This section is from the book "The Gardener's Monthly And Horticulturist V20", by Thomas Meehan. See also: Four-Season Harvest: Organic Vegetables from Your Home Garden All Year Long.
I notice your correspondent, "Reader," inquires for a remedy for mealy bug :
I have succeeded best in keeping them down by using a small stream of water with considerable force. I either plug the end of the hose nozzle or apply my finger, so as to produce a stream say the size of a large knitting-needle, then apply it directly around the leaves and, flowers. This dislodges them at once, and with, less harm to the plants than any other remedy I have tried.
Your correspondent, "Reader," asks: "Is-there any cure for mealy bug?"
I have been using for some years, and do still, undiluted alcohol, applied with a small brush, and find it quite satisfactory and much more agreeable to use than whale oil soap.
Fine specimens, showing great skill in culture, can be as well shown by growing old things as new ones. It is said that the common candy tuft makes wonderfully beautiful specimens when well grown.
An impression prevails that the culture of plants, amidst the prevailing rage for mere cut flowers, and perhaps the prevailing depression, is declining, but a correspondent tells us that L. B. Case, of Richmond, Ind., has done a very satisfactory business in them the past season.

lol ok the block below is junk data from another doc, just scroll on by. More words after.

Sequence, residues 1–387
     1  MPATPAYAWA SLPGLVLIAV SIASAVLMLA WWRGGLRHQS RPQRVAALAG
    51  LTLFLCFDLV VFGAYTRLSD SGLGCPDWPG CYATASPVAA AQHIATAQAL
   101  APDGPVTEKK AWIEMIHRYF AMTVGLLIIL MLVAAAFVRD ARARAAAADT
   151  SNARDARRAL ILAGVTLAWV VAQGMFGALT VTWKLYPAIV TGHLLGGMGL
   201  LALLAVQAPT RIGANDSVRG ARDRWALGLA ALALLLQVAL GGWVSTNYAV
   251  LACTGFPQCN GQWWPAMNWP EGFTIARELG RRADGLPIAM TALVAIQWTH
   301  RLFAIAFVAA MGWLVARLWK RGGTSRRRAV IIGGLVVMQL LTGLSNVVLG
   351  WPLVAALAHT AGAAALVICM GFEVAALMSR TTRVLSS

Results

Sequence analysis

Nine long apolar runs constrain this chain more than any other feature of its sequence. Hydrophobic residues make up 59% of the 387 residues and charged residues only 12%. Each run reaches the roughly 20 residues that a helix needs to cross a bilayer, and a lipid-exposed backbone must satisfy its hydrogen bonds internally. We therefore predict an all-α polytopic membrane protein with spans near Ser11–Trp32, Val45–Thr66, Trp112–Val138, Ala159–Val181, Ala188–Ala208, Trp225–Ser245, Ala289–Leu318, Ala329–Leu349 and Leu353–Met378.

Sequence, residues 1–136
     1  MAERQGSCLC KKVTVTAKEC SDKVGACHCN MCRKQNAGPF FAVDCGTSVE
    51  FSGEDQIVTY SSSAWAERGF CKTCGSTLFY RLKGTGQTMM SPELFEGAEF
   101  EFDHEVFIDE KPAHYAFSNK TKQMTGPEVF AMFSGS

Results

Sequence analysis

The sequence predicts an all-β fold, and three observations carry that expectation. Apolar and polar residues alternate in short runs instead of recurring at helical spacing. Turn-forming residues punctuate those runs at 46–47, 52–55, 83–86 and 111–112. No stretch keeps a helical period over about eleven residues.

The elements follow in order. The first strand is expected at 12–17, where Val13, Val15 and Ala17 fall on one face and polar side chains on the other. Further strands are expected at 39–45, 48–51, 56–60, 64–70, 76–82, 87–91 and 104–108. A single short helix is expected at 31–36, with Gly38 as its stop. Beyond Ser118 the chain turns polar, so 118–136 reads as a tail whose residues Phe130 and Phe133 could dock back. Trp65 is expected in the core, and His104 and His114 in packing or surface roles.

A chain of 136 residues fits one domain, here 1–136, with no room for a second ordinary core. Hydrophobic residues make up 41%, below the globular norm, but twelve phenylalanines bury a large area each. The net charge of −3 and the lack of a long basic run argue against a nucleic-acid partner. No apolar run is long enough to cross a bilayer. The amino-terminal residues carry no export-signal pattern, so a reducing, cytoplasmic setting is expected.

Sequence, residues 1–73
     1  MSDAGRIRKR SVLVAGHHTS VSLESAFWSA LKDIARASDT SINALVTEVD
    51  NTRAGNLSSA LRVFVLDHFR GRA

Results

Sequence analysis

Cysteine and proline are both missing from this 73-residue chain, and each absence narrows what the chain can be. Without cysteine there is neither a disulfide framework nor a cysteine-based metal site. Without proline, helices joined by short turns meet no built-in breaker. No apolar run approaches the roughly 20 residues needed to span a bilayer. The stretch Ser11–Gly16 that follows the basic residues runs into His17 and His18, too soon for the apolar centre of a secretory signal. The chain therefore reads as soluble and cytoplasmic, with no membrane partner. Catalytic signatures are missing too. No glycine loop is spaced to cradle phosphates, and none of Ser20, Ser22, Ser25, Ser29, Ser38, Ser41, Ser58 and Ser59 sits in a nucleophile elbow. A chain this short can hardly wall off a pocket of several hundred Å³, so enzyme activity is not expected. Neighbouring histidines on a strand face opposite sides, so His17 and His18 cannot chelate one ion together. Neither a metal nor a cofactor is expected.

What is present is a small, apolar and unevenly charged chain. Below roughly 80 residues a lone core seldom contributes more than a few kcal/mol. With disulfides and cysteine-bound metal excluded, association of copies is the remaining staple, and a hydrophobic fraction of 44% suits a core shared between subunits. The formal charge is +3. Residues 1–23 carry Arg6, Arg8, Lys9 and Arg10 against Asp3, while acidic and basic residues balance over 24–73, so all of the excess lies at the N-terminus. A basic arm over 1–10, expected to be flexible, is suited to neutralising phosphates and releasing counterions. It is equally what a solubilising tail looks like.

Mr. W. T. Bell, of Franklin, Pa., contributes an excellent paper on "Decorative Plants," to the Franklin Spectator. The great value of the Holly in English decorations is from its bright scarlet berries. We cannot always have these; but we can mix other berried plants with evergreen with good effect. Prinos verticillata, Celastrus scandens, and Mitchella repens among others that could be usefully employed, as Mr. B. observes.
A Western correspondent writes that this variety has degenerated in that section this season, and asks is it general?
This new species, named by Dr. Engelmann in honor of Mr. Shaw, the generous proprietor of the Missouri Botanical Garden at St. Louis, has recently flowered on Mr. Shaw's grounds, and has been a topic of much interest with St. Louis horticulturists and botanists.
Mrs. H. P., Guilford,. Conn., writes, "Can you tell me, through your magazine or otherwise, what the insect on the enclosed leaf is, and what will rid them from my plants ? My large ivy and some roses are thickly infested." [This is the common greenhouse scale, and a sponging of whale-oil soap is generally effective. - Ed. G. M].